The MCU reworking of Scarlet Witch and Quicksilver is the result of studio squabbles, not some brilliant Hollywood narrative twist. In the comics, the two were born mutants—until their origins were retconned to make them genetic experiments, which aren't quite mutants in comic terminology. The couple are HYDRA experiments in the MCU. Scarlet Witch in the comic book has powers that are entirely concentrated on cosmic "chaos magic," which has nothing to do with delivering people mind-altering nightmares. She can, in theory, and rather inconsistently, modify the likelihood of anything happening. Good for Vegas, but not always effective against an army of Ultrons.


Quicksilver from the MCU should not be confused with Fox's X-Men Quicksilver, who has more realistic, mutant-y beginnings. Quicksilver has donned a variety of outfits in comic books, ranging from a green unitard with a lightning bolt motif through multiple blue unitards with...a lightning bolt theme. The pattern is effectively and quietly incorporated into Quicksilver's sporting attire by the MCU, but here is another occasion where we're pleased we don't get the complete spandex package.

Sure, Quicksilver is really quick; that's difficult to mess up. He, like the MCU's version, began his career as a bad man before joining the Avengers. So the movie's plot twist isn't all that surprising, even if comic book Quicksilver doesn't bite it on his first excursion. Instead, he marries an Inhuman woman and has a rather fulfilling life. Let's not even get started on Ultimate Universe Quicksilver's sexual relationship with his own sister, since that's disturbing fanfic territory.


Vision appears in Marvel comics as a basic android with a bright red face and a green and yellow suit. The entire thing is highlighted with a sun gem at the apex of his widow's peak. Movie Vision is noticeably more robot-like, covered with patterns and undeniably mechanical shapes, as if someone wanted everyone to know for certain that this person is a robot. The colossal yellow comic book collar? Sadly, he is vanished.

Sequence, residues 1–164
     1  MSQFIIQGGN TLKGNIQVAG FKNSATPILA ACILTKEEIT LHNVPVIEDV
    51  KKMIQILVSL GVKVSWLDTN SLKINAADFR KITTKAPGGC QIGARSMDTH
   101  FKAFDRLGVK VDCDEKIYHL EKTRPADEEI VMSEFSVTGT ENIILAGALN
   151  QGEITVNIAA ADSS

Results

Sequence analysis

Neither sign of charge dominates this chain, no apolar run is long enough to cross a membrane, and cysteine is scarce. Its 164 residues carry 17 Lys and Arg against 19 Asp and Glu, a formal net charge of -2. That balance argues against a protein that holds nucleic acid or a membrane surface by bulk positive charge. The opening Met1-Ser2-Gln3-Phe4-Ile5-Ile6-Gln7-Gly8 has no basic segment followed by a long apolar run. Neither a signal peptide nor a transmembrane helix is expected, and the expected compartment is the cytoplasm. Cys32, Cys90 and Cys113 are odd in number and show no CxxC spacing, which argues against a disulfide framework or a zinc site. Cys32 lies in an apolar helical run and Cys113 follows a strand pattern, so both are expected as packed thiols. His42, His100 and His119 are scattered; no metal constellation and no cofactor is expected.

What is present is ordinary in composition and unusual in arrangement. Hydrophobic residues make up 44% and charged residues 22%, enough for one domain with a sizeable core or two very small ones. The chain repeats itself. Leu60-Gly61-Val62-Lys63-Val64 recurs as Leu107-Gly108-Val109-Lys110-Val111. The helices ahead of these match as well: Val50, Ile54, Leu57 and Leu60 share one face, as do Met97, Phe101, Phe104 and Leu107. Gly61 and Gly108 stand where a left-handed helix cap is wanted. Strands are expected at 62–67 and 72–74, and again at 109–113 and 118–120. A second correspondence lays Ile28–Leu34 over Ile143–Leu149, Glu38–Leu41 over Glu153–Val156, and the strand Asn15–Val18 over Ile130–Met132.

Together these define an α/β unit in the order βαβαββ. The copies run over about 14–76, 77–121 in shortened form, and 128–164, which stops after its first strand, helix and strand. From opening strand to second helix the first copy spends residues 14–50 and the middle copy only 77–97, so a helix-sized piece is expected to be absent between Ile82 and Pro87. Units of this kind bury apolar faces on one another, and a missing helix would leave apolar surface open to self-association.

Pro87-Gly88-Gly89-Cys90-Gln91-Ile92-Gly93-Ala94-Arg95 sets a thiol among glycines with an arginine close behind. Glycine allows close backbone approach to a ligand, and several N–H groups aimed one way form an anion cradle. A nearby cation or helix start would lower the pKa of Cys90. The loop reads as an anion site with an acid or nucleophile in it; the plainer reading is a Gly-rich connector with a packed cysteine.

With his debut appearance in Avengers: Age of Ultron, the MCU shoehorned Vision into their continuity by modifying a slew of minor facts. While both versions are brought to life by Ultron, the comic book Ultron was created by Ant-Man rather than Tony Stark, hence Vision's whole family tree is different. Tony Stark is given much too much credit, especially considering Ultron in the comics just took an old mechanical body that had been lying around since the Golden Age. And, while Vision's solar diamond is formidable, it pales in comparison to the Infinity Stone that his live-action counterpart wears. What hasn't altered is Vision's love interest in Scarlet Witch. In the comics, they marry.In the MCU, the romance is only getting started.

Captain America

The nicest thing about MCU Captain America is that he's unquestionably vintage Cap, even though his uniform changes in subtle ways all the time. The famous shield is the most visible distinction between the original appearance of Cap and today's Cap. It began as a simple shield-shaped shield before evolving into the circular shield he now employs. Captain America, like other MCU outfits, is more tactical-looking than in his comic beginnings, when he is frequently seen donning scaly armour. Steve Rogers even simplified it for a while with a "Super Soldier" suit, removing the flag-like stripes and replacing it with a new emblem. And we've seen that aesthetic before in the MCU.

Captain America in the MCU is nearly entirely faithful to the books, which makes his cinematic appearances exceptionally enjoyable. Even Cap's early stumbling about an army camp is reminiscent of 1941, with a few changes. Cap is a patriotic mascot in the MCU before he is taken seriously as a hero. Cap goes undercover as a dumb private who is dispatched on secret missions with the camp's mascot, Bucky, and a shield gifted to him by FDR in the comics. Comic book Cap has lost and regained his abilities, died and resurrected, and even pretended to be a HYDRA spy for a time. MCU Cap has a lot to be excited about.